In business, bitter confrontations can’t always be avoided. It could be a disgruntled employee, customer or supplier – or even your business co-owner who no longer wants the same thing for the business that you do. But is hiring a lawyer the answer or can conflict resolution be better with a neutral third party? In this article we look at some of the problems that entering the legal system can create as well as some alternatives.
Why can hiring a lawyer actually lead to more conflict?
The challenge with going to a lawyer is that lawyers work in an adversarial process. It’s a system that’s designed for fighting. If we were to use modern design thinking to create a system for resolving business disputes, it’s almost certain it would look nothing like our current adversarial process.
Typically, what happens if you’ve got a business dispute and you go to a lawyer is that your lawyer will send a letter to the other side, advising them of the issue. You may be told not to speak to the other side anymore. The other side will then do one of two things. Either they will lawyer up as well – in which case there’s generally just generally written communication going backwards and forwards between the two lawyers.
Alternatively, the other party may think “Oh, my God, it’s a lawyer’s letter, I’m scared”, and they stop all future communication. So, what that means is you’ve got increasing legal fees as your lawyer keeps writing to try to elicit a response. You’ve also got delays, and there’s more frustration. So, what was a small dispute suddenly grows into a much larger dispute because it’s not being dealt with in a timely manner.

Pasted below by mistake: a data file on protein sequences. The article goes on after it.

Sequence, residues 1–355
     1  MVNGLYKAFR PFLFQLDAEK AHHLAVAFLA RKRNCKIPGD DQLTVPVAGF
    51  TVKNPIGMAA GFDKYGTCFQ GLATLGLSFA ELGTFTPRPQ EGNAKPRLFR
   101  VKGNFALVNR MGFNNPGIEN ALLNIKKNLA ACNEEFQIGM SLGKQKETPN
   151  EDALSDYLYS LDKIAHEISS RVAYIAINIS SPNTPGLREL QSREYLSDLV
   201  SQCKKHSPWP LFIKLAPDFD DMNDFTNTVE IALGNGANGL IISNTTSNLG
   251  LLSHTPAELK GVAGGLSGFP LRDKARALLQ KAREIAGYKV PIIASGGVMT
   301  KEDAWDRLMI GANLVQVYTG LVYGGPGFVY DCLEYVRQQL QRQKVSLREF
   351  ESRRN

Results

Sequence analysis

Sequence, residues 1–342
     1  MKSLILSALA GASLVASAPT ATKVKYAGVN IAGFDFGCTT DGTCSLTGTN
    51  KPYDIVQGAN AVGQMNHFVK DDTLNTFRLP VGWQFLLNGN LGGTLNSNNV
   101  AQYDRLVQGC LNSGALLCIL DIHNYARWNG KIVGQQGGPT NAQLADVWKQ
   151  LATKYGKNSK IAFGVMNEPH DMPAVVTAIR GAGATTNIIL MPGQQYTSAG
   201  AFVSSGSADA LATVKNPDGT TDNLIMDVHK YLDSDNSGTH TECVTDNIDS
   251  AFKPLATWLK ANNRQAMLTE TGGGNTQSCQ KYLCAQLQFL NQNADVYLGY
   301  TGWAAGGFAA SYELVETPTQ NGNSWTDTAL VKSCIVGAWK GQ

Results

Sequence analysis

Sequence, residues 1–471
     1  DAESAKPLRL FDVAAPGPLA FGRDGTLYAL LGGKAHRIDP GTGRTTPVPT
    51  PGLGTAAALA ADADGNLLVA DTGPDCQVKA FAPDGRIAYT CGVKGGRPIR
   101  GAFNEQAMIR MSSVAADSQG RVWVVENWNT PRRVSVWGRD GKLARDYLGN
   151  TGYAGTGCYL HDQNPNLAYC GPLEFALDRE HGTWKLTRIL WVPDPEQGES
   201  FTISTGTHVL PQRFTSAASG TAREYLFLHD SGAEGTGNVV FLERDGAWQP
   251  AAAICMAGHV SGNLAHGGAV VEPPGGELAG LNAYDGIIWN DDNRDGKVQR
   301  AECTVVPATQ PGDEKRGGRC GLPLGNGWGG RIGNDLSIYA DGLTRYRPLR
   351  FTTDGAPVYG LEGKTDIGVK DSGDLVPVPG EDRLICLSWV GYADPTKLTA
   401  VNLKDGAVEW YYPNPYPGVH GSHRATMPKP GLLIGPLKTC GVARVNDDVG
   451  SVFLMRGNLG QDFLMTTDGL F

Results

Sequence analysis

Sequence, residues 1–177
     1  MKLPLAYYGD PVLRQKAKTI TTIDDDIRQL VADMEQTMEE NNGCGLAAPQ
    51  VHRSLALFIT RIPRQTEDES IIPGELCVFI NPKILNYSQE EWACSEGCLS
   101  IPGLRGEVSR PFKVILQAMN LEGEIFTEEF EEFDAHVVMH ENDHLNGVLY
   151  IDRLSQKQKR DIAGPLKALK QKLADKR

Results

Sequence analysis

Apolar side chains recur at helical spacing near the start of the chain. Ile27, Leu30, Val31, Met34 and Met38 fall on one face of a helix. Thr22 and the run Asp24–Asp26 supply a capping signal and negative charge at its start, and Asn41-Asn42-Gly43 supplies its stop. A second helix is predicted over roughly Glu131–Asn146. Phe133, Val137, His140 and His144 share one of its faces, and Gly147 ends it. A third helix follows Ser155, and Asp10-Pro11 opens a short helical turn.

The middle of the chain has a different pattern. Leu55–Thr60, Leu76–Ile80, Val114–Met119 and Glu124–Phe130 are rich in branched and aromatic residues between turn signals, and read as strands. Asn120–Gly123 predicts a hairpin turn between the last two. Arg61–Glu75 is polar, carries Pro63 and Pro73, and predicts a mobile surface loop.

What are the other options?
Mediation and facilitation are the processes that can help people through this. And really, that’s just bringing in a neutral third party. Either can be done as a formal or an informal process. Both processes help guide the parties through a negotiation. The mediator or facilitator help each party see what’s important to the other to work out possible solutions. They look at things from a very practical perspective. And they try to work out a solution that will work for both parties.
Often people think of mediation in the family law context, because we’re familiar with it there. But they don’t often think about it in terms of business disputes. In most states, subsidised mediation for small businesses is available through your state’s Small Business Commissioner. Otherwise, private mediators can be found through organisations such as Kato Collective or by googling commercial mediator.
What about the cost factor? Does this make justice unattainable?
The cost of managing disputes is always a challenge. Justice through traditional litigation if definitely unaffordable for many small businesses – regardless of how good their case is. This is one of the reasons why bringing in a neutral is so important. The minute you start down the litigation process, going to court, it’s expensive – lawyers’ fees, filing fees, expert reports. It all adds up. Litigation is also a process you can’t easily get out of if you stop being able to afford the legal fees.
Mediation gives you a chance to deal with those issues quickly. Even if you don’t get to a settlement, you’ll probably have got some clarity around the dispute that will make the legal process run more smoothly.
When is hiring a lawyer the only option?
Unfortunately, you can’t force somebody into mediation. So, if the other side is not willing to participate, you’re going to have to go down the legal route.